If your vanilla bean orchid is underwatered, you may notice similar signs to overwatering but with a different appearance of the plant's roots. Crispy, dry roots that begin to turn brown are an indicator that your plant is drying out. Thoroughly water the plant and increase humidity levels, especially focusing on its roots (keep humidity as close to 80 percent as possible).

Scorched Leaves

Vanilla bean orchids are very sensitive to sunlight, and it's easy for this species to become sunburnt when exposed to direct light. If your plant's leaves become scorched or crispy, it's likely receiving too much light. Move your orchid to a place with dappled shade.

  • How Long Does It Take a Vanilla Orchid to Produce Beans?

    Vanilla bean orchid plants begin to flower and produce bean pods at about three years of age. However, this process can take up to five years and requires consistent, specific care to be successful.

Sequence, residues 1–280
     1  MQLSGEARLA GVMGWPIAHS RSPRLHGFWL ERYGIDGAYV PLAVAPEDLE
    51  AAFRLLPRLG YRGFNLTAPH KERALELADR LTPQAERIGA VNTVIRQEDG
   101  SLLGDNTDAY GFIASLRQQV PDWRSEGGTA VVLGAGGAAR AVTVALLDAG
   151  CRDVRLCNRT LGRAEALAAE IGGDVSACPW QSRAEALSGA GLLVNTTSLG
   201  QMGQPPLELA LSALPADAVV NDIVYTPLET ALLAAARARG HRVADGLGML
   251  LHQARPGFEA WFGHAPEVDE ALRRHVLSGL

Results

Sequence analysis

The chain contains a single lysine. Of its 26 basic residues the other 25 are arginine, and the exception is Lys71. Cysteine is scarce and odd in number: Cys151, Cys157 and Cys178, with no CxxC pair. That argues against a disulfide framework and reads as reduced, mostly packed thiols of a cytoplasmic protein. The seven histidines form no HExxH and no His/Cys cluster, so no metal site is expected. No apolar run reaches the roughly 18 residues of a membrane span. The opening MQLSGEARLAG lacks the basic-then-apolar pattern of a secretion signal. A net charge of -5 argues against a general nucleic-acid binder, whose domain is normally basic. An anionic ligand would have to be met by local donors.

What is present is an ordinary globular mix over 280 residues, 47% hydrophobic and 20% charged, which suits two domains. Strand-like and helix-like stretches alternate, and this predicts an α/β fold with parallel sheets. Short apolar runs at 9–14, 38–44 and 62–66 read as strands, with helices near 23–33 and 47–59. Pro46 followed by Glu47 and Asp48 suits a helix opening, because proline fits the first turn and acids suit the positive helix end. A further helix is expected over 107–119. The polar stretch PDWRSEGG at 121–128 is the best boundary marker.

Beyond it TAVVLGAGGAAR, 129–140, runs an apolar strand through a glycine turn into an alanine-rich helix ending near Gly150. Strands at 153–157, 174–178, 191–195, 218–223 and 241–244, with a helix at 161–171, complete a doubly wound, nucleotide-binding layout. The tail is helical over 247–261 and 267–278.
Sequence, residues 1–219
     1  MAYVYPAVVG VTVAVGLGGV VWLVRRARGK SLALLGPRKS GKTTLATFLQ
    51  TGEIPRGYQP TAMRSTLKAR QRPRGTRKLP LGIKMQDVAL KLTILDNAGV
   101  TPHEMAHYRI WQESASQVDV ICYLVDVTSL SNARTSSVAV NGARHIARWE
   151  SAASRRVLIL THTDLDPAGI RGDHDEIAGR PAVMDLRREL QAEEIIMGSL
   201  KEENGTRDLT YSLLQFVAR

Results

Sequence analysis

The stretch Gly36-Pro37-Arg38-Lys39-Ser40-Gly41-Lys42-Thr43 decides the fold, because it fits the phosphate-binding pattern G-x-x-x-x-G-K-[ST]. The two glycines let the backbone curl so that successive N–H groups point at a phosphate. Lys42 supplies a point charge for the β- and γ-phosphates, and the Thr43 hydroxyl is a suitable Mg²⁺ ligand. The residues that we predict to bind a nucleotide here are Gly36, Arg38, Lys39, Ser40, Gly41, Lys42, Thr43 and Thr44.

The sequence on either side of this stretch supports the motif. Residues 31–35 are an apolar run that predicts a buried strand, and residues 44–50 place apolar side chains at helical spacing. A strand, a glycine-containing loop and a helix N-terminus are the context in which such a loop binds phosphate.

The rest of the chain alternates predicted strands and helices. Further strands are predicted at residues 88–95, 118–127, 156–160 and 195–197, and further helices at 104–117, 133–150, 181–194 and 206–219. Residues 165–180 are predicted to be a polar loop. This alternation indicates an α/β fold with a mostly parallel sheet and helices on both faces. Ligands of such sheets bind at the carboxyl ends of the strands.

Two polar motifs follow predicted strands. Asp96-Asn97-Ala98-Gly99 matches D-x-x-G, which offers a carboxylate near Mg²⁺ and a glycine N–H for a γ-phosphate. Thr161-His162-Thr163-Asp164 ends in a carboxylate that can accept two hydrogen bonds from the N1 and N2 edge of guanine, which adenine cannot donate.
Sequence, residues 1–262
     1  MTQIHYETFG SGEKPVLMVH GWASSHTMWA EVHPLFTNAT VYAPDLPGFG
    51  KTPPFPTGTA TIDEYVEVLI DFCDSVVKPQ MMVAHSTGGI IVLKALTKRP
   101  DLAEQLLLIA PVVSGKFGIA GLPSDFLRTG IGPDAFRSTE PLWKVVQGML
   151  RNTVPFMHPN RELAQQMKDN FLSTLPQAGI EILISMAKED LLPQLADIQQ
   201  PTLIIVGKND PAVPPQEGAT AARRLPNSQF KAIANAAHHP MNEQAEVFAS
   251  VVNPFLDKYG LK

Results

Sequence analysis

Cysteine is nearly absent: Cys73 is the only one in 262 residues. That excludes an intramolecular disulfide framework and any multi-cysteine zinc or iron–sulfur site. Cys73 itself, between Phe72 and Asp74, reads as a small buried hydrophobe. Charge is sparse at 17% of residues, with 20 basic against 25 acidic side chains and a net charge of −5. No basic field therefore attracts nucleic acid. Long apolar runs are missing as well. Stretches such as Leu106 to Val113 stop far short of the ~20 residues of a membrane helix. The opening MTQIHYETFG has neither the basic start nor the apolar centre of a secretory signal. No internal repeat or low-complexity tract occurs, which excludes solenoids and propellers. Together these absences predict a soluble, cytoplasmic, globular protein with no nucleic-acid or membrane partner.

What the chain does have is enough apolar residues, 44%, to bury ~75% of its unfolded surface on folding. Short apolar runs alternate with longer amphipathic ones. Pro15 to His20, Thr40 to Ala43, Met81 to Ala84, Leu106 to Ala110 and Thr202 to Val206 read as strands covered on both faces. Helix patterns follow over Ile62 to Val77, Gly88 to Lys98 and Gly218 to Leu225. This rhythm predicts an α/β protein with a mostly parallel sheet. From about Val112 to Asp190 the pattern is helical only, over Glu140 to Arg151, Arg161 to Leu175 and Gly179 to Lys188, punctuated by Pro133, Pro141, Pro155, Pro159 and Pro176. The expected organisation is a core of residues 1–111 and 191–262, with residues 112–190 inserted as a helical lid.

• Can You Grow Vanilla Orchid Indoors?

    Vanilla orchids can be grown inside of your home, but these plants do best when grown in greenhouses. Growers may not be successful in keeping vanilla bean orchids alive without properly simulating tropical conditions through the humidity, temperature, irrigation, and air circulation that greenhouses provide.

  • How Hard Is It to Grow a Vanilla Orchid?

    Like other members of the Orchidaceae family, vanilla bean orchids are known for being difficult to grow. Experienced gardeners should ideally have experience with raising healthy orchids before growing a vanilla bean orchid.

The Spruce uses only high-quality sources, including peer-reviewed studies, to support the facts within our articles. Read our editorial process to learn more about how we fact-check and keep our content accurate, reliable, and trustworthy.
  1. Cameron, Kenneth Michael. Vanilla Orchids: Natural History and Cultivation. Timber Press, 2012

  2. Orchids: Problems. Missouri Botanical Garden

  3. Vanilla Planifolia. Missouri Botanical Garden